K-Drama Review: “Big Issue” Covers Korean Entertainment Controversies In Harsh Yet Honest Manner
Coupled with expected brilliance from its lead characters, Big Issue made the most out of its paparrazi world setting.
Holding its ground well, Big Issue has to thank Han Ye Seul and Joo Jin Moo’s credible portrayals. Giving life to cold and desperate characters, they introduce the world of shutterbugs that somewhat change the way viewers see celebrity photographers.
Title: Big Issue
Length: 32 Episodes
Broadcast Date: 06 March 2019 – 02 May 2019
Main Leads: Han Ye Seul & Joo Jin Moo
Highlights: Lead Cast portrayal, interesting theme
Drawback: not so gratifying closure
Related Dramas: Healer, Falsify, Pinocchio
Swaying from shallow to enticing side conflicts (sometimes even derived from timely showbiz scandals), the fresh and particular side of Korean entertainment industry tackled in the series is a sure amusement. Adding pieces of heart-wrenching scenarios, the paparrazi world narrated in perspectives of then-journalists Han Seok Joo and Ji Soo Hyun is a new world that would interest K-Drama followers.
Quick Plot Roundup
Thinking he hit his career jackpot, Han Seok Joo (Joo Jin Moo) brings exclusive pictures of a top actress unconscious and sexually harrassed by a famous doctor. His achievement would also help with his daughter’s medical expenses. In a twist of fate, his instant success falls down to a failure when the actress he took pictures of admitted to having been in a relationship with the doctor in question. Aggravating the situation is the latter’s suicide which ultimately caused Seok Joo’s career downfall.
Behind his career downfall, Ji Soo Hyun, a reporter from an internet website, secures the scoop about the doctor and the actress involved in the scandal. Trusted with a tablet bearing all celebrities and powerful people in the society, she carves her niche as a formidable editor-in-chief of Sunday news website.
A few years later, the two meet again. Soo Hyun who has since become rigid, sympathizes with Seok Joo partly blaming herself for making him suffer that fate. After treating his alcohol dependency, she formally offers him to become a shutterbug in lieu of the assistance the company will give for her daughter who needs a heart transplant.
From there, the two work together to catch celebrities and high society players with their selca captured wrongdoings.
The world that is often misunderstood
Admittedly, there is a nuance of journalistic value instilled by my old professors which made me not so tolerable on yellow journalism as a reader and writer. With the framework thread on by Big Issue focusing on South Korean entertainment, it showed the shameless blackmailing modus of an internet media company. After securing scandalous photos from celebrities and high-ranking society people, the company will hold a rein on the photographed people for it not to be published. Aside from the exploitation though, it valiantly presented the small, big and piling up atrocities popular persons did without any volition. Therefore, seeing the two sides of the story in a slander case gave the audience a chance to weigh on whose side they should be.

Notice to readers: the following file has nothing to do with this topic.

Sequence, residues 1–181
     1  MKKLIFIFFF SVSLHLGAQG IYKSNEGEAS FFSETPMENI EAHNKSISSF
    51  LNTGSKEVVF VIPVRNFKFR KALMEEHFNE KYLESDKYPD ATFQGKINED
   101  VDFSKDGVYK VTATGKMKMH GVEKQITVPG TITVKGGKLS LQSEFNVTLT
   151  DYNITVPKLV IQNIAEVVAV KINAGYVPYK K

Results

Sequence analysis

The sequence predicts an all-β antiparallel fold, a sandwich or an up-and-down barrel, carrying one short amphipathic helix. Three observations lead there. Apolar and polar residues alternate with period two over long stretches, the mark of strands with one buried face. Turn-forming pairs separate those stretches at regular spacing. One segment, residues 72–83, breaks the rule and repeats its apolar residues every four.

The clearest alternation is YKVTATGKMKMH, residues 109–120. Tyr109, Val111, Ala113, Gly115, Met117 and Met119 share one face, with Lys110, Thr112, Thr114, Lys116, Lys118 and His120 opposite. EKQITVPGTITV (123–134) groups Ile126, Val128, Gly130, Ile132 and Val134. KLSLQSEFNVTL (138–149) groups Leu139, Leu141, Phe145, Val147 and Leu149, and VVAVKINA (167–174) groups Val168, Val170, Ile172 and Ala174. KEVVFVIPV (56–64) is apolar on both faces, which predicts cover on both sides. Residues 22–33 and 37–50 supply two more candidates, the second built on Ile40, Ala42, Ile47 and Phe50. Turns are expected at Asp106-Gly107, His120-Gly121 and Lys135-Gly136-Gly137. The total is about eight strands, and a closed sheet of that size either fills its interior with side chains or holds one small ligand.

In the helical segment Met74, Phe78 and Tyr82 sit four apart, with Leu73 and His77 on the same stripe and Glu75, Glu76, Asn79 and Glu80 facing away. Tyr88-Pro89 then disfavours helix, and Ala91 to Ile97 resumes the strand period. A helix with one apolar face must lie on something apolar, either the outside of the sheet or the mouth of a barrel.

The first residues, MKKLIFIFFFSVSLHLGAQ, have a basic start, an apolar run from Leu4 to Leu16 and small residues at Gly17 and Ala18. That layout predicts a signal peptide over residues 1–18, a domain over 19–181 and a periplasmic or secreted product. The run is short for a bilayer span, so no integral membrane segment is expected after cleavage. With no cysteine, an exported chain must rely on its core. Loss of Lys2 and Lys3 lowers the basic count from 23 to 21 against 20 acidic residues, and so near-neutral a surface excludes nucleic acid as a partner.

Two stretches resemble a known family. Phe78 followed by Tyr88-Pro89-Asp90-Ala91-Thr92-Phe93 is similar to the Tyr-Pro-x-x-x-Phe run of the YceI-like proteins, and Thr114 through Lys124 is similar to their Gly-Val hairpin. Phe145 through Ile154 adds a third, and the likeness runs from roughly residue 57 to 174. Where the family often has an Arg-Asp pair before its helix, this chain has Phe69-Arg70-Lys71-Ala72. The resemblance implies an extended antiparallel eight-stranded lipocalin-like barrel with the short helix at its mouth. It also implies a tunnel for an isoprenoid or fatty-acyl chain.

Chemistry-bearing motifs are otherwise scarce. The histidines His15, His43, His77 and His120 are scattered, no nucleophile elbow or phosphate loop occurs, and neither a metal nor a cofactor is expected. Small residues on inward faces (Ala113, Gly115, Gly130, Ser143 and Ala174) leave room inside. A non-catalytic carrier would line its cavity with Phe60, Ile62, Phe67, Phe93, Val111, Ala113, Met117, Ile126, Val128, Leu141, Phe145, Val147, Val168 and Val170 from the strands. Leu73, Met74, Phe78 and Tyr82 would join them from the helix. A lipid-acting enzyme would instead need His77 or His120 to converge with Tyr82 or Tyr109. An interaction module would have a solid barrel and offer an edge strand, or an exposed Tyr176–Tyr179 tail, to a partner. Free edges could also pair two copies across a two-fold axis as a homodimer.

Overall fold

Han Ye Seul & Joo Jin Moo
There were certainly highs and lows and forgettable frames in Big Issue. But the immersion of its lead actors is tantamount to salvage the gaps that diminish the strengthening of its core conflict.
While it had a strong opening kick, it started to lull when it reached a crossroad on focusing more on the hero’s problem. As the narrative drew the connecting fate shared by Soo Hyun and Seok Joo, there was no excruciating moment after he learned who caused the hell he had been in. Instead, it was a tacit acceptance of how she sought forgiveness by helping on the situation of his daughter. Nevertheless, Han and Joo had molded their skills to their roles that it was impossible not to root for their aspirations.
The finale conflict
Surging to a belated knowledge that an ultimate villain started all the ruckus in the story would have been more acceptable if it was deemed as a secondary conflict. All along, I thought that Seok Joo’s personal redemption, not necessarily involving his career since it wasn’t nice to him to begin with, would be the crowning moment of the story. I was good with a fair reconciliation with his ex-wife and being acknowledged by his daughter. As for Soo Hyun, her fallout with CEO Jo was justified to give way for her to claim back the humanity she lost along the way. Balancing her stand to sensationalize journalism while still getting the bread and butter of the business could be considered her character’s fulfillment.
Not having frustrating characters was why maybe I didn’t have negative feelings towards Big Issue. I like how well-cooked the characters, and my minor complain was how it did not make me feel gratified on its closure. The urgency to rush its closure was evident. Additionally, there was no playing safe in the narrative to complement its riveting mood.
What’s nice about Big Issue is how you can easily get back on board the story if you miss a few episodes. Furthermore, the cited controversies presented as side conflicts can stand alone without affecting its big picture.
Big Issue can be watched on VIU.
ABOUT THE WRITER
abbyinhallyuland reads and sleeps a lot when she is not traveling. Her calendar reminders are mostly K-Drama broadcast schedules and birthdays of her favorite Korean actors. Promoting K-Drama watching as stress therapy is her life advocacy. She is fond of Spencer Reid, Gregory House, Kenshin Himura, Starwars saga, Haruki Murakami and Hunter x Hunter.
Recommended Korean Dramas: Reply 1988, Nine, Misaeng, Gaksital, Discovery of Love, Because This is My First Life, Descendants of the Sun, My Love from the Star, Healer, Punch, You’re Beautiful, Coffee Prince, Princess Hours, The Greatest Love, Sungkyunkwan Scandal, City Hunter, and The Smile Has Left Your Eyes.